Philosophical Foundations of TVET and WFD EDTV6000 Lecturer:
Dr. Halden Morris
October 3, 2011.
I have to admit that my formal knowledge of Technical and Vocational Education and training was somewhat limited prior to the beginning of this course, Philosophical Foundations of TVET and Workforce Development. My interest has now deepen as I now realise that I have experienced the hands of TVET since high school and now as an educator in training in the field of Educational Administration. As a matter of fact, I have felt with great sadness, a sense of un-accomplishment after graduating from my first tertiary institution. I was a product of the educated masses without any form of workforce training.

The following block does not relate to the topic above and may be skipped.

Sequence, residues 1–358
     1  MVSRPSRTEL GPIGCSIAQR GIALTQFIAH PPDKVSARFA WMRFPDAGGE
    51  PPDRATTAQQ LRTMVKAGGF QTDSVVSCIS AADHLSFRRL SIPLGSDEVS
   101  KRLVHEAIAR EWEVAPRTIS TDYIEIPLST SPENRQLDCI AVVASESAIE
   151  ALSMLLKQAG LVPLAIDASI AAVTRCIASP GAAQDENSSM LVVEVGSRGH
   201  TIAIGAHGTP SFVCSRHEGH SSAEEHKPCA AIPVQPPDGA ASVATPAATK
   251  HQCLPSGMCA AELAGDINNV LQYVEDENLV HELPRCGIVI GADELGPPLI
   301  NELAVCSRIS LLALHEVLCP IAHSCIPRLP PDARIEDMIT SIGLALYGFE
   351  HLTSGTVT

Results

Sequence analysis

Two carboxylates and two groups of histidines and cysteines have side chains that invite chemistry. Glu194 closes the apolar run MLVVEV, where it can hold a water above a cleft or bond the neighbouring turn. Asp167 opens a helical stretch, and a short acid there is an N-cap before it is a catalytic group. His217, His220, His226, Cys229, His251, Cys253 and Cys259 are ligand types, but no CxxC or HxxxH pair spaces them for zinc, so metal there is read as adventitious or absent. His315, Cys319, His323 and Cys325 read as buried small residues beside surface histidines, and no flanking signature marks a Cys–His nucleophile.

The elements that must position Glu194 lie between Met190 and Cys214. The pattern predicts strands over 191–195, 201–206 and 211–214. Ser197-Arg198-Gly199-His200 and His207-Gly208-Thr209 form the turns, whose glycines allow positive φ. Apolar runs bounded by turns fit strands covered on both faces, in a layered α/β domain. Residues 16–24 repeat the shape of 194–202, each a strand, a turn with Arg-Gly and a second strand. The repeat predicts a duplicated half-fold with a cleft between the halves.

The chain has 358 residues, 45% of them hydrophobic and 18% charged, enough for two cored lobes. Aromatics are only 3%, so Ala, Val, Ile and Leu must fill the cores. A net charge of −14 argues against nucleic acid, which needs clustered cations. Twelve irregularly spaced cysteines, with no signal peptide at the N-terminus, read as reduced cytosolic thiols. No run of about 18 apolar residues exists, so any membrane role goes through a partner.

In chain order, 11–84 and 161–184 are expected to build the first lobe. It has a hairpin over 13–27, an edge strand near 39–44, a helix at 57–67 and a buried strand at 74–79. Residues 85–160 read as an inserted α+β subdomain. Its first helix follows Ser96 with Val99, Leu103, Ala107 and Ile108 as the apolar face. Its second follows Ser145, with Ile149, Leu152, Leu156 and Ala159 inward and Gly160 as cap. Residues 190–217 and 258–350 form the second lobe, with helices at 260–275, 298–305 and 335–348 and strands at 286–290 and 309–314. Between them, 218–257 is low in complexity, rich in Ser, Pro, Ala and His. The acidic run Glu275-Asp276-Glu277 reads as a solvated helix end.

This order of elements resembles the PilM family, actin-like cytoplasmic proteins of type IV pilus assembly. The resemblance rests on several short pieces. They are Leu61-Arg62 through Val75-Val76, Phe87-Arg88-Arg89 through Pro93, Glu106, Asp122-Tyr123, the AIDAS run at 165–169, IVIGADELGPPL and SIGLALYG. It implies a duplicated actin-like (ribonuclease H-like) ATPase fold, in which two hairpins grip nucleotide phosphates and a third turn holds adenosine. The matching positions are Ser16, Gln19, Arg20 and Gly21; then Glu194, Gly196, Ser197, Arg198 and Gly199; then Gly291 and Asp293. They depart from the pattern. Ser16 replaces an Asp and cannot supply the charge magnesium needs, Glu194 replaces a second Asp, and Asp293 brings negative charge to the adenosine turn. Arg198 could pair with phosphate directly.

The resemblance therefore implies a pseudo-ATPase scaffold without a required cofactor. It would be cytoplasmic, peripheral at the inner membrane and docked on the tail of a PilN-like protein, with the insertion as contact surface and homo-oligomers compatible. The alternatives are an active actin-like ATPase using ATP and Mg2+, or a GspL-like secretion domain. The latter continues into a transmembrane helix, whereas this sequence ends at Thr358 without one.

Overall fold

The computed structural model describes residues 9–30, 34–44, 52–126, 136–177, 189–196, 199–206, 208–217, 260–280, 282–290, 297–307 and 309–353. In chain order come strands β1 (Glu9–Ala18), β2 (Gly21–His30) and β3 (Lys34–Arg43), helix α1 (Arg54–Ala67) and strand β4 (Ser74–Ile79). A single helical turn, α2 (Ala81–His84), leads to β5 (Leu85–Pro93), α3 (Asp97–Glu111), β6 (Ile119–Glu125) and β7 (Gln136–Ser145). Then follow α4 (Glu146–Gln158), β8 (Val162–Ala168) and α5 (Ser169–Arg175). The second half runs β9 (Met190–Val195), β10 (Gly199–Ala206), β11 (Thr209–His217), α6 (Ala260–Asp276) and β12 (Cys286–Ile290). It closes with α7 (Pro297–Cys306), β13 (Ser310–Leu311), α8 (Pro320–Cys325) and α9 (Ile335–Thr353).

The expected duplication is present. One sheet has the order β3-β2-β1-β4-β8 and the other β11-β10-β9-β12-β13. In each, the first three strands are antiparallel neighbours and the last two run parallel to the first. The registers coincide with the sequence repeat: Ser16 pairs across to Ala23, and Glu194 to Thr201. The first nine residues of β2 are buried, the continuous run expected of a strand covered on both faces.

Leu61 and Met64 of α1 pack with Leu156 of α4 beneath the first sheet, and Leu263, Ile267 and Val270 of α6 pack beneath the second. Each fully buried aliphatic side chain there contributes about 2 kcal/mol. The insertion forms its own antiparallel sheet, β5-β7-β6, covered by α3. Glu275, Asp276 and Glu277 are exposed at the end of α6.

Technical and Vocational Education and Training is I believe the hallmark of a successful country and contented citizens. For too long have we sat back and allowed local and international groups railroad our Country Jamaica and its resources to satisfy our personal agenda. I read with disappointment the statistics stated by our Education Minister during the launch of Heart College of Innovation and Technology recently. It read that in a study conducted by the Statistical Institute of Jamaica (STATIN), from a group of over one million people, 71% of the workforce were without job training. This means that the very large group are wasting precious time and regressing our country’s productivity rate. In addition, time needed to train these people placed in the workforce is very expensive. I believe that as a TVET practitioner, we need to join with the pack of researchers in the field of TVET and revolutionise our country, region and the world at large. Policy makers have the power to and should turn their attention in implementing TVET programs into schools and other institutions. Stakeholders such as private sectors need to join forces with schools and colleges to develop TVET in...
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